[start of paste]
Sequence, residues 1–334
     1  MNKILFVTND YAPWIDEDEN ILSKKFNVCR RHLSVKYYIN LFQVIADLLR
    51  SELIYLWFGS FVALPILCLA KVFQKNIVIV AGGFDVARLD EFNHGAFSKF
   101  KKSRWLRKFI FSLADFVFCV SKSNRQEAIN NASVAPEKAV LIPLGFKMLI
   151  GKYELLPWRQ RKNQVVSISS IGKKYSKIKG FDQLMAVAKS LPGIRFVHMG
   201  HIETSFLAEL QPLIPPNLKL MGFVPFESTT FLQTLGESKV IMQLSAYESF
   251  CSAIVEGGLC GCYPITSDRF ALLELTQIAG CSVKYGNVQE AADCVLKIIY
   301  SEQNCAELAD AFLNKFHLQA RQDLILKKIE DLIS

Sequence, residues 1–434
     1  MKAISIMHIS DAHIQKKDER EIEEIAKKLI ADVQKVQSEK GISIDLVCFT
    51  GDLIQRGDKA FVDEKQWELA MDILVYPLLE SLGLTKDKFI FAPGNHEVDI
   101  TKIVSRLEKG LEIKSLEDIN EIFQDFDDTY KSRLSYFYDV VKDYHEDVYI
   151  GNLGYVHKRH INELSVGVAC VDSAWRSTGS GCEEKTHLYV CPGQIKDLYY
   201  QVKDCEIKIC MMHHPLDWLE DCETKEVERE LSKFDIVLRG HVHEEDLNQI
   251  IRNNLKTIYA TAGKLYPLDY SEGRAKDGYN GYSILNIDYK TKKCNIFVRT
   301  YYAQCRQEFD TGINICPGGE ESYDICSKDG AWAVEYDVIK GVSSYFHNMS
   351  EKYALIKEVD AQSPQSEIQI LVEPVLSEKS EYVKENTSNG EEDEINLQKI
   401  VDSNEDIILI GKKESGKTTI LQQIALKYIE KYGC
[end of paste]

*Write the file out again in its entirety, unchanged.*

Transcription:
Sequence, residues 1–334
     1  MNKILFVTND YAPWIDEDEN ILSKKFNVCR RHLSVKYYIN LFQVIADLLR
    51  SELIYLWFGS FVALPILCLA KVFQKNIVIV AGGFDVARLD EFNHGAFSKF
   101  KKSRWLRKFI FSLADFVFCV SKSNRQEAIN NASVAPEKAV LIPLGFKMLI
   151  GKYELLPWRQ RKNQVVSISS IGKKYSKIKG FDQLMAVAKS LPGIRFVHMG
   201  HIETSFLAEL QPLIPPNLKL MGFVPFESTT FLQTLGESKV IMQLSAYESF
   251  CSAIVEGGLC GCYPITSDRF ALLELTQIAG CSVKYGNVQE AADCVLKIIY
   301  SEQNCAELAD AFLNKFHLQA RQDLILKKIE DLIS

Sequence, residues 1–434
     1  MKAISIMHIS DAHIQKKDER EIEEIAKKLI ADVQKVQSEK GISIDLVCFT
    51  GDLIQRGDKA FVDEKQWELA MDILVYPLLE SLGLTKDKFI FAPGNHEVDI
   101  TKIVSRLEKG LEIKSLEDIN EIFQDFDDTY KSRLSYFYDV VKDYHEDVYI
   151  GNLGYVHKRH INELSVGVAC VDSAWRSTGS GCEEKTHLYV CPGQIKDLYY
   201  QVKDCEIKIC MMHHPLDWLE DCETKEVERE LSKFDIVLRG HVHEEDLNQI
   251  IRNNLKTIYA TAGKLYPLDY SEGRAKDGYN GYSILNIDYK TKKCNIFVRT
   301  YYAQCRQEFD TGINICPGGE ESYDICSKDG AWAVEYDVIK GVSSYFHNMS
   351  EKYALIKEVD AQSPQSEIQI LVEPVLSEKS EYVKENTSNG EEDEINLQKI
   401  VDSNEDIILI GKKESGKTTI LQQIALKYIE KYGC